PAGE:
Good Morning Bedlam might be a little tricky to pin down for genre purists – but it is a blast to listen to their music and try it. In the end, putting them in a restrictive box is probably pointless; this folk/Americana/indie rock quartet is on an unbridled journey of experimentation. What they do might not be a match for those expecting straight-up tradition, but it brings a fresh sound to listeners seeking a melding of old and new. From bass and fiddle to a thumping kick-drum and hearty brass, a quick listen makes it clear: Good Morning Bedlam can't be easily pigeonholed.
"One thing Good Morning Bedlam has gotten known for is trying new things, for doing our own take on different genres…genre-bending," explained vocalist and guitarist Isaak Gill Elker.
For instance, their latest work toys with ideas from other cultures.
"We've been experimenting with different rhythms," he explained. One example is Latin beats, but using acoustic instrumentation. "We just love getting to try different stuff."
Elker said his bandmates all hail from different backgrounds but came together on a love for experimenting with roots sounds. For instance, his wife plays bass in the band, and her first interests are steeped in classic rock and musicals.
"And I grew up playing metal music," Elker said, laughing. "And then I fell in love with the Avett Brothers."
"A lot of American roots music came from storytelling," he said, explaining why more traditional styles – which are so different from metal – finally grabbed him. "It's a beautiful genre in its purest form…but people all like to take new ideas from tradition."
He said the decision to have an open and fluid interpretation of folk was a natural passion. It sounds like it could have gone no other way for these young musicians.
"That decision came about organically," Elker said. "I always say we just have short attention spans." He laughed.
He said he and his bandmates discuss this amalgam of acoustic instrumentation with more forward-thinking, or even cross-culture, techniques. He said with much of the music they create, they ask the question aloud: "Where is the tradition, and where is the experimentation?"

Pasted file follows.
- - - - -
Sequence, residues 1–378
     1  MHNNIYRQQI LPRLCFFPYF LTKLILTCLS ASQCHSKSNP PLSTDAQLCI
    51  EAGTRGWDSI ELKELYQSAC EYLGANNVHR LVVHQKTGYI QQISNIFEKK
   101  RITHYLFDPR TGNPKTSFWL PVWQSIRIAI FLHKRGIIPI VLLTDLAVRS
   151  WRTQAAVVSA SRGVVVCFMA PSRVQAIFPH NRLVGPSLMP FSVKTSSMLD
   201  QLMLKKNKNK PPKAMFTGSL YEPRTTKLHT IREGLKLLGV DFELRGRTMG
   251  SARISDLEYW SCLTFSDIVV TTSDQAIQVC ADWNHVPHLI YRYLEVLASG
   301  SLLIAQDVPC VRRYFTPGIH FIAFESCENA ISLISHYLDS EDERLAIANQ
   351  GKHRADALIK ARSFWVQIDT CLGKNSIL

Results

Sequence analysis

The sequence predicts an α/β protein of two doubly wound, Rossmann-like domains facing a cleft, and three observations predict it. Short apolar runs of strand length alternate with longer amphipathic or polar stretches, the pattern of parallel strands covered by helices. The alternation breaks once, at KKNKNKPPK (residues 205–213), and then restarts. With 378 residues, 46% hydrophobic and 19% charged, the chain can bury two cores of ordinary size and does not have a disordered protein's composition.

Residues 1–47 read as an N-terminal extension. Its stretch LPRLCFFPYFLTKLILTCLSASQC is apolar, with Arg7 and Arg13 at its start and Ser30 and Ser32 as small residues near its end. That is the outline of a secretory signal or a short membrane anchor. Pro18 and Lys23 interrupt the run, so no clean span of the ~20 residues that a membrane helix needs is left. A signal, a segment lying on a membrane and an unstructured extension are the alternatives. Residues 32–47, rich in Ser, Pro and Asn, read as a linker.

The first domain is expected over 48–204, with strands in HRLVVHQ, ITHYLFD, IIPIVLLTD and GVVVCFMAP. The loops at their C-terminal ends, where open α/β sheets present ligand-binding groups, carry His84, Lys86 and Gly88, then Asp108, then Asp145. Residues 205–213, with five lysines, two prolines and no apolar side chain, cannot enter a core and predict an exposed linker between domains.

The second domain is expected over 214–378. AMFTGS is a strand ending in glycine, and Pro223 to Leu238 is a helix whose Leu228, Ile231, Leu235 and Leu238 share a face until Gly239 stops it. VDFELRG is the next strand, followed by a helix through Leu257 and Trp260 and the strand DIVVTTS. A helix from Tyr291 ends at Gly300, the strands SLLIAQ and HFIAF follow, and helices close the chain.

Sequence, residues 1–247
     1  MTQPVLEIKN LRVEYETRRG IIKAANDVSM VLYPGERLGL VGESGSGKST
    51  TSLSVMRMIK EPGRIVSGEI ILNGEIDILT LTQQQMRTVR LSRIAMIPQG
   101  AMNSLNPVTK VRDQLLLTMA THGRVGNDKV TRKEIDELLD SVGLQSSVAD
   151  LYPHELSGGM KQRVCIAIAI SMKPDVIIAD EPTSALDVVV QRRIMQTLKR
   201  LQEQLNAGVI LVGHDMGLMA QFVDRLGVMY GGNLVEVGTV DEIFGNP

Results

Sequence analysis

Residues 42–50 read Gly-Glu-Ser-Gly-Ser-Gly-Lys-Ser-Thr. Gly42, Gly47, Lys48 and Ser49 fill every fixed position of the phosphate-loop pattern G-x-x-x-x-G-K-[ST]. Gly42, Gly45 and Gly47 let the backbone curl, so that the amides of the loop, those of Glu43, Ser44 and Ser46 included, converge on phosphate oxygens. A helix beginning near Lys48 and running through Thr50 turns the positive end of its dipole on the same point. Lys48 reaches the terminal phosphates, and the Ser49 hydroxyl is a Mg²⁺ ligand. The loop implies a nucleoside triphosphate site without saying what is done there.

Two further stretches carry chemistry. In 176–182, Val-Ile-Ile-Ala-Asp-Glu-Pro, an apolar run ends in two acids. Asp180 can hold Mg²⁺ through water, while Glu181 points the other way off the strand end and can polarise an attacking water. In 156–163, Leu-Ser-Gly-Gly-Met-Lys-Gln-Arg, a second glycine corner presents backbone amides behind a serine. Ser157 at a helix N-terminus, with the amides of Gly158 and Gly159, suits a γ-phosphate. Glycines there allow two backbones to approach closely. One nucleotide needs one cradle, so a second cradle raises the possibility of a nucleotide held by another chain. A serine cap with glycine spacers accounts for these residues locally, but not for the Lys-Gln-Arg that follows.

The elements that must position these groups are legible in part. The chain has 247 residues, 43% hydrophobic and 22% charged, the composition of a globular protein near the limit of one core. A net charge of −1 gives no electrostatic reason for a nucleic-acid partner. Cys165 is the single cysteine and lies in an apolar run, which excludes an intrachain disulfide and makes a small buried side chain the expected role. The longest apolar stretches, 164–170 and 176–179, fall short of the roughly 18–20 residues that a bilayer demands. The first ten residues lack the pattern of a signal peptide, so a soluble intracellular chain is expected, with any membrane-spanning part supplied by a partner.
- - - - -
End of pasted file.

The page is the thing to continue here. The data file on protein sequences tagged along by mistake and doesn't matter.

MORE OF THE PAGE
"That's a question we have a lot," he added.
Self-described on the Good Morning Bedlam website, the band rightfully lays claim to the descriptor of "furious folk" and promises live show content including "a haunting waltz, whistling, jazz scatting, and the euphoria of the violin melodies."
Based in the midwest, Good Morning Bedlam has been doing this since 2015. By 2019, they were logging over 200 shows a year. Then, Covid-19 shutdowns arrived and affected them in much the same way it affected most touring musicians.
Elker said it wasn't all bad, however.
"From a creative standpoint, it allowed us to take a step back and take a breather, to reassess," he said. Part of that downtime involved ample opportunity to create new music.
The band consists of Elker, delivering vocals and guitar; his wife, Victoria Elker, with her bass and vocals; Katherine Seeger, playing violin and also offering vocals; and Dawson J. Redenius, who brings the trumpet and keys.
The last studio record from the group was "Lulu," which Elker described as a blend of folk, Americana, and indie rock. It even had one song "influenced by" jazz guitarist Django Reinhardt.
Good Morning Bedlam recently released a single and has another dropping now in March. It is titled "Elemental."
"Those two will be part of a five or six-song EP releasing this summer," he said.
As for the more distant future, Elker seems to have high hopes for more of the same.
"I would love someday to play some of the really famous venues," he said, mentioning that his wish list includes Red Rocks and Austin City Limits. "We tend to have big dreams. I want to keep working the next couple of years to find a balance as well, as part of our progression," he said. "I think that makes touring and being creative for a living even sweeter."